Christmas traditions are sacred, and in that sense, the royal family is no different. Every year, the Queen goes up to Sandringham House in Norfolk on the 19th or 20th of December, with the rest of the family arriving on Christmas Eve around lunchtime.
Darren McGrady, former chef to Queen Elizabeth II, Diana Princess of Wales and Princes William and Harry, shared precisely how they spend the next two days:
When the Prince of Wales arrives, his valet will take him up to his room while his cargo is unloaded. All of his Christmas gifts get placed on trestle tables for each member of the royal family. The royals are of German descent so they weave in German traditions to their celebrations. After afternoon tea, they open gifts on Christmas Eve, as is the German tradition. Christmas morning, the family eats a hardy breakfast before heading off to church. After church, that's when they have a big lunch that includes a salad with shrimp or lobster, and a roasted turkey, and all of your traditional side dishes like parsnips, carrots, Brussels sprouts and Christmas pudding with brandy butter for dessert. They stick with the same meal year after year. Once they've eaten, everyone sits down and watches the Queen's Christmas speech. Afterward, they all go their own way before coming together again for afternoon tea and traditional Christmas fruitcake, then they gather again in the evening, where a buffet dinner with 15-20 different items awaits them. It's always a buffet with the chefs at the table carving. They don't do appetizers on Christmas like many do here in the U.S. Instead, appetizers and canapes are reserved for New Year's Eve.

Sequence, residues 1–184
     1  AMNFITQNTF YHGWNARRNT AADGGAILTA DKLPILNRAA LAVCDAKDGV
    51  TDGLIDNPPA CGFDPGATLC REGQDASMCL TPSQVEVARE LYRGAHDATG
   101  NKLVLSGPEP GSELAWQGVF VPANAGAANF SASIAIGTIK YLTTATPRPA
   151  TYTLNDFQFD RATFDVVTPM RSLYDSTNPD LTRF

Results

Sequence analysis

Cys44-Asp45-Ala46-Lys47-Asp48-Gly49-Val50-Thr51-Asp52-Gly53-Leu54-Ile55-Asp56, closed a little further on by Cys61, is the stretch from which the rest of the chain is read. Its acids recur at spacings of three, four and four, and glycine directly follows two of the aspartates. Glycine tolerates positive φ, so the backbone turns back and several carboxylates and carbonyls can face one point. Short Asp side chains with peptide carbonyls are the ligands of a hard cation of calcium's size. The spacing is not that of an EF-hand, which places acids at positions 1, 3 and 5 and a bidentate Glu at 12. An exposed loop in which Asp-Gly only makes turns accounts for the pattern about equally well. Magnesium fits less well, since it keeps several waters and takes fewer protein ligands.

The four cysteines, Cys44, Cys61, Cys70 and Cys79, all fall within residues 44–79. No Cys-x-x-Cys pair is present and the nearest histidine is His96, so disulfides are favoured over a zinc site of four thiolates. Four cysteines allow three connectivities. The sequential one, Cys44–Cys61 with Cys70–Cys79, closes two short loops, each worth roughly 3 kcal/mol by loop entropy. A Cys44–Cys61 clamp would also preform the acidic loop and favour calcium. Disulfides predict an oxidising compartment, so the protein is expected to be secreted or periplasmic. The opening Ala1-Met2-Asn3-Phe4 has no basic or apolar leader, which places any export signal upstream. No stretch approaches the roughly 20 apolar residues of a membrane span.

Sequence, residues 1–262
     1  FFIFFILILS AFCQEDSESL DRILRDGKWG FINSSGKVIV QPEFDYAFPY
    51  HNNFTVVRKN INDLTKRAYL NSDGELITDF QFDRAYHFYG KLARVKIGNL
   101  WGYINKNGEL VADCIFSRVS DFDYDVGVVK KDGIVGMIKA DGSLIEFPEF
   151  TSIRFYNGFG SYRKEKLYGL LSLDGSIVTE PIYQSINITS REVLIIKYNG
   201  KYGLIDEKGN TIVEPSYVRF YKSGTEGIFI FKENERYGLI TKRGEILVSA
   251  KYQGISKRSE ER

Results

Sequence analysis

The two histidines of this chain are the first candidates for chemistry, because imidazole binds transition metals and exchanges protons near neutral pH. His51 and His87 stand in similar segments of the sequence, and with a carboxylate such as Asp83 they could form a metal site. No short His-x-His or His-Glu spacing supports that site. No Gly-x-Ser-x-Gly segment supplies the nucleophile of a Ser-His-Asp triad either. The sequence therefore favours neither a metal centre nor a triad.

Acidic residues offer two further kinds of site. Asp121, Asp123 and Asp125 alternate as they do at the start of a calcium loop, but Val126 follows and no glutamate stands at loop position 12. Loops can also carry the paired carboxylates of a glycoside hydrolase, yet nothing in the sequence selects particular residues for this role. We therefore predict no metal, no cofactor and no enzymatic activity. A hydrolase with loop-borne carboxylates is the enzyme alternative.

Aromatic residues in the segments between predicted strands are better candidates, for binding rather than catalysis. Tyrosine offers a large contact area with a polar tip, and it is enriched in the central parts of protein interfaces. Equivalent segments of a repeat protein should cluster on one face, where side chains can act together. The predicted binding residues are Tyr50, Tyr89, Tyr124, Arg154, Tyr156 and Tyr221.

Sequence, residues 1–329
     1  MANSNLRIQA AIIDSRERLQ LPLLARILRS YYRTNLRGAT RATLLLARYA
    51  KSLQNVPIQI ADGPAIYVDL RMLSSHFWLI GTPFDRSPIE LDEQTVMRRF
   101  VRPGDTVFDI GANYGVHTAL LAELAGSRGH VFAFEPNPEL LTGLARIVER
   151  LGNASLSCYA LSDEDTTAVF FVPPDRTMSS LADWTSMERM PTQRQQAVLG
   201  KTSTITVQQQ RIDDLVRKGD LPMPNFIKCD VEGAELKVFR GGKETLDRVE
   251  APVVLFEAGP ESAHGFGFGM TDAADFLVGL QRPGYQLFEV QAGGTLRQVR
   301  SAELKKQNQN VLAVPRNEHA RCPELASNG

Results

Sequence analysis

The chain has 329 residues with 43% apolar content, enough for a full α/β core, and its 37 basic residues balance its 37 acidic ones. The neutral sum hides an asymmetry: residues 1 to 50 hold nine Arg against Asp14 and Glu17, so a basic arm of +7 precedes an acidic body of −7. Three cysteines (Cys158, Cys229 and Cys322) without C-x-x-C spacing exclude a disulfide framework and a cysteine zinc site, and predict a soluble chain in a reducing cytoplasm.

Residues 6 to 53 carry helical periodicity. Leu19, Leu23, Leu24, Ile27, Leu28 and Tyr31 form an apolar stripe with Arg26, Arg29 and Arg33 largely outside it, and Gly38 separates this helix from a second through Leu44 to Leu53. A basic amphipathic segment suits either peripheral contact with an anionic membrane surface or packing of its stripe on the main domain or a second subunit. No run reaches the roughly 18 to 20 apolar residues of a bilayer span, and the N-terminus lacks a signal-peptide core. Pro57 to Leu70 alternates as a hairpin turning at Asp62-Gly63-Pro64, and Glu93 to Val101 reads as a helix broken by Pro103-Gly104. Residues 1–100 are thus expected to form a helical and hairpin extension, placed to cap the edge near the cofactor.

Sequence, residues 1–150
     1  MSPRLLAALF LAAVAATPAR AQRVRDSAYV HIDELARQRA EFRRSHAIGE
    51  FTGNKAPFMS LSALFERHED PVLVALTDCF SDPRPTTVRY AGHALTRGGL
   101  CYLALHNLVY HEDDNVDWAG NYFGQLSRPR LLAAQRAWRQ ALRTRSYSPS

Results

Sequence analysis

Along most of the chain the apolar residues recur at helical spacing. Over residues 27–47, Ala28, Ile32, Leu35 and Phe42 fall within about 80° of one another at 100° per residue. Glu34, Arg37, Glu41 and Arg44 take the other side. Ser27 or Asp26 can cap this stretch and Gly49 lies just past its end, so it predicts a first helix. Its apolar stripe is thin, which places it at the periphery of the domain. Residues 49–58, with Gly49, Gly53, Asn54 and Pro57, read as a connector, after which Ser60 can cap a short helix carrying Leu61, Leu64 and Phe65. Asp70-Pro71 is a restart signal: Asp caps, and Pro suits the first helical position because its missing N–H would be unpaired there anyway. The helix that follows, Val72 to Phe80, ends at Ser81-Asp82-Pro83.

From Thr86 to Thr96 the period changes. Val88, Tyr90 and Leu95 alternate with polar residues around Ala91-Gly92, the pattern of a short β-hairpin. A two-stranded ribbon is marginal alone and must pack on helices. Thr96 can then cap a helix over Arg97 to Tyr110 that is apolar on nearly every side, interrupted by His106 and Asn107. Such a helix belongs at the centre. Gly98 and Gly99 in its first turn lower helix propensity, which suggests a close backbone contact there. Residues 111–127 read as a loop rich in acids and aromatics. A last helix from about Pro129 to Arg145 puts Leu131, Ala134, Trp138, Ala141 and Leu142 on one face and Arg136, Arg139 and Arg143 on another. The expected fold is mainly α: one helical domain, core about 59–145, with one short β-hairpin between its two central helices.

One of the more Downton Abbey-esque traditions is one in which Her Royal Highness gets to serve those who usually serve her.
"Right before the Christmas buffet, the senior chef on duty goes into the dining room and carves the rib roast or turkey or ham and once he's done, Her Majesty presents the chef with a glass of whiskey and they toast. That's the only time the chef goes into the dining room and has a glass of whiskey with the royal family. It's one of the chef's favorite traditions."
While Buckingham Palace is always decked out with Christmas decorations, Sandringham is a private residence, and is therefore more modestly festive.
"The Queen is not lavish, so the décor is minimal. The Royal Family has a large Christmas tree and a large silver artificial tree in the dining room, which is about 30 years old."
Of course, like everyone else, the Queen has her indulgences for the holiday.
"The queen is a major chocoholic, particularly dark chocolate, so she always has a chocolate treat on Christmas. She also loves mint."
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